Friday, April 30, 2010

Man Asia Literary Prize rules changed

The Man Asian Literary Prize today announced a new format, opening it to all novels by Asian writers published in English each year. The cash value of the prize will increase to USD 30,000.

The Man Asian Literary Prize will now be awarded to the best novel by an Asian writer, either written in English or translated into English, and published in the previous calendar year. In the past, the prize awarded USD 10,000 to the best Asian novel not yet published in English. With this new format, the prize will be the first of its kind to recognise the best English works each year by Asian authors and aims to significantly raise international awareness and appreciation of Asian literature.

Announcing the changes, the chairman of the board of the Asian Literary Prize, Professor David Parker of the Chinese University of Hong Kong, said: “For the past three years, the Man Asian Literary Prize has been very successful at opening a new window for the world onto Asian writing that had yet to appear in English.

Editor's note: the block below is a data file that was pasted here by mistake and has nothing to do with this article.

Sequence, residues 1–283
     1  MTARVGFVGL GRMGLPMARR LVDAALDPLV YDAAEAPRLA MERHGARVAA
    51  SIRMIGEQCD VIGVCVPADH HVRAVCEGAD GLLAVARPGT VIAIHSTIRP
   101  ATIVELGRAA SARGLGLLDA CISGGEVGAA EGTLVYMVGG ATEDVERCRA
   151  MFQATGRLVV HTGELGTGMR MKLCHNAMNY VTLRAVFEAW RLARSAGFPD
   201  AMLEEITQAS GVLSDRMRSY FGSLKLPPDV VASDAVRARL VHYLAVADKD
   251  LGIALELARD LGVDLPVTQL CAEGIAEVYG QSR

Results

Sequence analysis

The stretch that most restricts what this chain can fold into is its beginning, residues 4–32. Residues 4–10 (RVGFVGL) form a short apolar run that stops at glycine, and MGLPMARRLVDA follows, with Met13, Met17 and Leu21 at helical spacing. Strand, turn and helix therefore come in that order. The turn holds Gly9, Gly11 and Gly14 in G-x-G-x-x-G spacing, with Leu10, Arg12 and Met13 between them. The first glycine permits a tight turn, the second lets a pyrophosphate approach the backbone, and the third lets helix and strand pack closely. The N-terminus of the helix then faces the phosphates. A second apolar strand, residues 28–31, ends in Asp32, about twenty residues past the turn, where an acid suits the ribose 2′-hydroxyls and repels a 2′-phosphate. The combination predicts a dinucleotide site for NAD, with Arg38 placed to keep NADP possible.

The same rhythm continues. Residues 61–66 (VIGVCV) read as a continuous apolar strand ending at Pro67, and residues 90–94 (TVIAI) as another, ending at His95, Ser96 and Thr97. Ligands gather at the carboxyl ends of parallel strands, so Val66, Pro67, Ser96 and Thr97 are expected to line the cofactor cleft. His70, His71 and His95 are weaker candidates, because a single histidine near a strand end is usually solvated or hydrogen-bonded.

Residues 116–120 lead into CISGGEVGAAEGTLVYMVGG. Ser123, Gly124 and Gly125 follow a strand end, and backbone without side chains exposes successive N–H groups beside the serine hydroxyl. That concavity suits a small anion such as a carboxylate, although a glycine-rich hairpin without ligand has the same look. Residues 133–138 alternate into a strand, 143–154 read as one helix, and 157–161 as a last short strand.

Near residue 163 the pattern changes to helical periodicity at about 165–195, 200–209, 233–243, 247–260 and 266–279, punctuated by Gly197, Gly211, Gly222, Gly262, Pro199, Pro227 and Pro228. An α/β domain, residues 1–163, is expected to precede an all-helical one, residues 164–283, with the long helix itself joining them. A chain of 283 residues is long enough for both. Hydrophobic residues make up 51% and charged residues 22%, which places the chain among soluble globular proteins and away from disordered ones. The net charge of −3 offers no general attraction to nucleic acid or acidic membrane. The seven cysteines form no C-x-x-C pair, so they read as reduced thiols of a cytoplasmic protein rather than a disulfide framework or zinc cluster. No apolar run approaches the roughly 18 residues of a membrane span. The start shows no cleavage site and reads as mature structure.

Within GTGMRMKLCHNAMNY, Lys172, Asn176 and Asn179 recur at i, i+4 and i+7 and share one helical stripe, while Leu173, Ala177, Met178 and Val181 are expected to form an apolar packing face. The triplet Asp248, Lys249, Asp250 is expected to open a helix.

“ However, it can be a long time before winning novels are published and enjoyed by the reading public, a good example being the 2008 winner, the brilliant novel Ilustrado written by the Filipino, Miguel Syjuco, which has only just been published.

“The new format of the Man Asian Literary Prize will allow the literary community, media and general public to be fully involved in reading, discussing and comparing the books which the judges are considering, and will consolidate its position as the world’s leading prize for pan-Asian literature published in English.”

Under the new rules, publishers will be responsible for entries and will be entitled to each submit two novels by August 31 each year. Entry forms will be available from May 2010.

For the 2010 prize, judges will select a long list of 10-15 novels in December 2010, which will be pared down to a short list of about five or six in February 2011. The winner will be announced at a ceremony in Hong Kong in March 2011.

The Man Asian Literary Prize covers 27 countries and special administrative regions stretching from Afghanistan to Japan. Details of the new rules and more information on the prize can be found at